reporting events that are suggestive of identity theft.
The consumer—who has full knowledge and control
over his or her own financial transactions—is the first line of defense against identity theft.
Consumers
are in the best position to monitor their accounts and to identify unusual and potentially fraudulent activity.
Yet the sheer number of standards that are being proposed for financial institutions—and the proposed
“red flags” clearly are the functional equivalent of standards—inevitably will prompt consumers to expect
their financial institutions to serve as the principle guardian against identity theft.
We are concerned that
financial institutions eventually may find themselves in costly litigation with customers over varying
interpretations of their responsibilities under the proposed rules.
We also are concerned with the proposed migration of the role of the financial institution’s board
of directors from one of oversight to one of transaction monitoring.
Board members are selected for their
diverse business expertise.
We submit that it would not be the wisest use of their time to be deluged with
reports of “red flag” incidents before, during or after each board meeting.
Management should bear the
responsibility for ensuring the implementation of these rules, not the board.
COMMENTS ON § 334.82 - DUTIES OF USERS REGARDING ADDRESS DISCREPENCIES
This section of the proposed regulations requires a user of consumer reports to verify a
consumer’s identity in certain cases after it has received a “notice of address discrepancy” from a
consumer-reporting agency. Following verification of the consumer’s identity, a user would then need to
report a “confirmed address” to the consumer reporting agency.
This requirement for identity verification and address confirmation should be risk-based.
That is,
if the address discrepancy reported by the consumer reporting agency appears to be insignificant in
nature, such as the use of “avenue” instead of “street” in an address, verification of the consumer’s
identity and address confirmation should not be required.
In addition, the proposal does not give examples of what constitutes a “substantial difference”
between addresses that would trigger the verification and addresses for the reporting requirement.
Additionally, the terms “new relationship” and “reporting period” should be defined in the regulations.
COMMENTS ON § 334.90 - DUTIES REGARDING THE DETECTION, PREVENTION AND MITIGATION
OF IDENTITY THEFT
This section of the proposed regulations requires the implementation of a written Identity Theft
Prevention Program for the detection of “red flags” and the mitigation of the risk they present.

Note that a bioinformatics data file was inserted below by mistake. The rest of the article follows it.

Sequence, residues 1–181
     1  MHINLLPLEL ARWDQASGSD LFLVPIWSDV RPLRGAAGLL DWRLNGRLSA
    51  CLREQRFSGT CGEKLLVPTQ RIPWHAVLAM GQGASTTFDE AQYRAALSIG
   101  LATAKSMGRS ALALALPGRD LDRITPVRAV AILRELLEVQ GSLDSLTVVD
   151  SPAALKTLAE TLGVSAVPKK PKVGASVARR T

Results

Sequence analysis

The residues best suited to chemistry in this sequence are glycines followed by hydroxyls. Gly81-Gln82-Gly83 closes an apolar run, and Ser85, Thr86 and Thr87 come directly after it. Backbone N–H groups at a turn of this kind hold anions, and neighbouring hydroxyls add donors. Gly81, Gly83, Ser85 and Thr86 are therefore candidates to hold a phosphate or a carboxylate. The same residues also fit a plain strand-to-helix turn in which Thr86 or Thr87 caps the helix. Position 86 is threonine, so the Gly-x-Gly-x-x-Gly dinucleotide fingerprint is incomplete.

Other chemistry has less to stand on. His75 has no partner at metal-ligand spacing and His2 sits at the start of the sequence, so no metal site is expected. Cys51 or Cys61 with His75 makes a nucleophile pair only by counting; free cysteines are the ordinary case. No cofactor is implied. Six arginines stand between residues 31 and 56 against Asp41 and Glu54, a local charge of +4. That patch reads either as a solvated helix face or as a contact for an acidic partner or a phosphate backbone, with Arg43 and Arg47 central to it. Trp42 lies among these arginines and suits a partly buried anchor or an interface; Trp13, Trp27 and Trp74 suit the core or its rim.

Appendix J
lists the proposed “red flags.”
Appendix J, Number 12, would require a financial institution to treat a customer’s use of an
address, Social Security number, or home or cell phone number previously submitted by another
customer as a ”red flag.”
In most cases, there are valid reasons for the duplicate use of an address and
telephone number, such as when different customers reside at the same address and share the same
telephone number.
Tracking the duplicative use of this information across different business lines would
involve an enormous expense with limited benefits to consumers.
Appendix J, Number 15, is inconsistent with the existing Customer Identification Program (“CIP”)
rules set forth in 31 CFR §103.121.
There currently is no requirement under the CIP rules for financial
institutions to verify identity by “go[ing] beyond that which generally would be available from a wallet or a
consumer report” as stated in the proposed regulations.
“Red flag” Number 17 in Appendix J suggests that there is a cause for concern when a
customer’s mail is returned as undeliverable although transactions continue to be conducted in
connection with the customer’s account.
Customers often forget to report a change of address or delay in
reporting an address change. Consideration should be given to these failures and delays, so that only
repeated instances of returned mail over a considerable period of time should be deemed to be a “red
flag.”
CONCLUSION
Although the IBA recognizes the important role that financial institutions play in the fight against
identity theft, we do not support the proposed rules to the extent and for the reasons stated above. In
addition, given the enormous amount of system enhancements, policy development and employee
education required to implement the proposals, we recommend that, at a minimum, the mandatory
effective date be delayed for up to 18 months following promulgation of the final regulations.
We appreciate your consideration of our comments.
Sincerely,
W. Alison Huszar
Vice President and Senior Compliance Officer